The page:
Martin Blessing is being criticized by the German government for his controversial suggestions on how to combat the euro crisis. The chief executive of the country’s second-largest bank explained to Handelsblatt’s editor in chief Gabor Steingart why he thinks “euro bonds” make sense.
Handelsblatt: Mr. Blessing, reactions to your suggestion of euro bonds ranged from, “good that somebody said that,” to that you should stick to your job running a bank, as one cabinet member put it. Why euro bonds, and why now?
Martin Blessing: Mario Draghi promised to do everything possible to rescue the euro and that calmed everybody down about monetary union. But it didn’t really address the fundamental problems; the medicine we offered had side effects, as it were. For many countries, interest rates are very low again. These countries no longer feel any pressure from capital markets to drive the structural reforms that are needed. That’s why we need to work out a system where the capital market has an effect through differences in interest rates.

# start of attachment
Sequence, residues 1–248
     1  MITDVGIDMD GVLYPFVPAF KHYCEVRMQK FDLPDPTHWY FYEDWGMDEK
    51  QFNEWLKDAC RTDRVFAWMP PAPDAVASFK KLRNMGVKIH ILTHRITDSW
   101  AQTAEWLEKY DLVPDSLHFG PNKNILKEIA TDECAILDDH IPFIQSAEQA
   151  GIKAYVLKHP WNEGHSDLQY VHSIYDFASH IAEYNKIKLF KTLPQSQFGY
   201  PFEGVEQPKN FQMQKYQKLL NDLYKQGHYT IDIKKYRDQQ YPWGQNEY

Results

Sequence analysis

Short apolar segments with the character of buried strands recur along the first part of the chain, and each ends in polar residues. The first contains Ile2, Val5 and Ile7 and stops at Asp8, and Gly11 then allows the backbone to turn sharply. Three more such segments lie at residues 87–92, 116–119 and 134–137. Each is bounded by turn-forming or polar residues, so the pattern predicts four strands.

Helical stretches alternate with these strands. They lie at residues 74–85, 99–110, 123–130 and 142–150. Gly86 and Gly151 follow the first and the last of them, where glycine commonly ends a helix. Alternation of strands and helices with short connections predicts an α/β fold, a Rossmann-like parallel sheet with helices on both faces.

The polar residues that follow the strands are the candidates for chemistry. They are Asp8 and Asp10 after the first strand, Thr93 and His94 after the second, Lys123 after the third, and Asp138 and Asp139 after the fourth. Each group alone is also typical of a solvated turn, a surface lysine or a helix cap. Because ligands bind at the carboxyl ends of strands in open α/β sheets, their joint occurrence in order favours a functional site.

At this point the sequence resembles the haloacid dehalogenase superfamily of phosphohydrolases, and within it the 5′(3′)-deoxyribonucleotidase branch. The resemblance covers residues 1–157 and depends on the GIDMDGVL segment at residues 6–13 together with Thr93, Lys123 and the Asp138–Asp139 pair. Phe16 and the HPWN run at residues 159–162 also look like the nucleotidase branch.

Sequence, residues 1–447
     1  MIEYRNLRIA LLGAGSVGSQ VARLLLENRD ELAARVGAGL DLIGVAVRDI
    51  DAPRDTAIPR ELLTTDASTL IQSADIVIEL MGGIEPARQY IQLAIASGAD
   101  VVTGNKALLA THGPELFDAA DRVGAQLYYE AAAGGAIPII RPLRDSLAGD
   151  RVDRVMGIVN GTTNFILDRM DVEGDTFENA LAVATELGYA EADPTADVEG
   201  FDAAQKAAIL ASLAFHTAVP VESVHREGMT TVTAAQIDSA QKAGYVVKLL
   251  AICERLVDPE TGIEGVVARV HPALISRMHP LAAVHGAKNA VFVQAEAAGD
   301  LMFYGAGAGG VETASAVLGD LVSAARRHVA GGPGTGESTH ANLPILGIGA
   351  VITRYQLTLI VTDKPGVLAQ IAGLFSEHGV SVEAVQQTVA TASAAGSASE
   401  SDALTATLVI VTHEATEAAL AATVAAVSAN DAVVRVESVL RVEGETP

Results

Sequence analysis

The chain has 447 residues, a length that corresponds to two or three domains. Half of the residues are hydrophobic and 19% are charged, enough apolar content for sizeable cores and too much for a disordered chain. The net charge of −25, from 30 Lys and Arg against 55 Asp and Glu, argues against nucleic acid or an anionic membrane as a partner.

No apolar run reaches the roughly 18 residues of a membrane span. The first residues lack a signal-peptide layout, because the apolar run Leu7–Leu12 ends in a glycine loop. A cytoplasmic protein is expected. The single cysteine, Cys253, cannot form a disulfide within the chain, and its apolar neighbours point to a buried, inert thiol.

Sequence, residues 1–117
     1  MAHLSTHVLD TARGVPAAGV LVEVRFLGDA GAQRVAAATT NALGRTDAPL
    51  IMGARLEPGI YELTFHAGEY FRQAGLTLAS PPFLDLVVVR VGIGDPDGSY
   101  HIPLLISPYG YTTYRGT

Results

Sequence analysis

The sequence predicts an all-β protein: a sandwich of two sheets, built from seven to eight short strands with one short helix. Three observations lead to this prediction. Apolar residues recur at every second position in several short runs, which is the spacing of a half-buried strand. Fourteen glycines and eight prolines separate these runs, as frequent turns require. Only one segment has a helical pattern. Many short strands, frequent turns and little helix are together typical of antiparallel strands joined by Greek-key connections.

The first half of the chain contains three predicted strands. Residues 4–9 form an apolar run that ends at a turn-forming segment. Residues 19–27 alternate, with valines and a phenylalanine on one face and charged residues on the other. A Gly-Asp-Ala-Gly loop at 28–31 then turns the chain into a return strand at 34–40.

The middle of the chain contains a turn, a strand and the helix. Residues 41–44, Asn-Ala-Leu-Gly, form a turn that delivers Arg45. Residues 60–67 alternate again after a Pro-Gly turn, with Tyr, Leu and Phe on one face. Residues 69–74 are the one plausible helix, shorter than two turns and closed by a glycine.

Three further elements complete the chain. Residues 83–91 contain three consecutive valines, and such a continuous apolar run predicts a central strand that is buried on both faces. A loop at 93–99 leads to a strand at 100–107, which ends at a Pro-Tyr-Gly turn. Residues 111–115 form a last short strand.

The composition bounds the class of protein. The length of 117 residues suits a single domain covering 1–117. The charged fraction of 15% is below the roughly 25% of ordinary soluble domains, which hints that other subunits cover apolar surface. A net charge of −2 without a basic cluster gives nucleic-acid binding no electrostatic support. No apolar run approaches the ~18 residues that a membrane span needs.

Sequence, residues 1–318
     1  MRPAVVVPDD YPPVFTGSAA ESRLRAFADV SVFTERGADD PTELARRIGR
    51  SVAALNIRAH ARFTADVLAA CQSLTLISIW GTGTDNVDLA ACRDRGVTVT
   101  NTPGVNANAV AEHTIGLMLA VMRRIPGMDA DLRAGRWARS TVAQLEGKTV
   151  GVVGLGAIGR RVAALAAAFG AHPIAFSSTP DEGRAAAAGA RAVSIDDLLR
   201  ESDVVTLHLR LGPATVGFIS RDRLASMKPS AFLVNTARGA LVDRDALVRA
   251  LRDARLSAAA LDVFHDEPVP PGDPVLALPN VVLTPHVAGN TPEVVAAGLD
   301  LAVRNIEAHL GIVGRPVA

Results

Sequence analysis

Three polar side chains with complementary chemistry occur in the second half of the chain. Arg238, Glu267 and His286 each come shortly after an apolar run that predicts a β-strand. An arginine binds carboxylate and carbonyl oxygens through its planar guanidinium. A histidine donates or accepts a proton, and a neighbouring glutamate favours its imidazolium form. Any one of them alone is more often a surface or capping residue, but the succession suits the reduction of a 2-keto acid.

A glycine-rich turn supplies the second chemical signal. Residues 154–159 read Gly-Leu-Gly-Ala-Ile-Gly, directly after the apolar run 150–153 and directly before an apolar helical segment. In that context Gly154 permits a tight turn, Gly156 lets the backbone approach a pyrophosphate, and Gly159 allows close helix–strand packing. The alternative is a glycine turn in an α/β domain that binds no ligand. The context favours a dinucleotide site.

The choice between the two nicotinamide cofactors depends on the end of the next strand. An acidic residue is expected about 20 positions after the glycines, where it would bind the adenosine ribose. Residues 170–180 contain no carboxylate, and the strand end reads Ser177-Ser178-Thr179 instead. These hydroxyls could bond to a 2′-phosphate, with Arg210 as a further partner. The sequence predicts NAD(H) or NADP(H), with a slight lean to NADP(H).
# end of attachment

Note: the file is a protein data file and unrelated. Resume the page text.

But regular folk might think that euro bonds aren’t there to create pressure but the opposite, that pressure would fall if debts are shared?
They should read my suggestion through to the end. But let me emphasize that my main issue isn’t the euro bond, it’s the question of how to get to a place where we have more fiscal discipline and structural reform – how we can control and limit the accumulation of debt.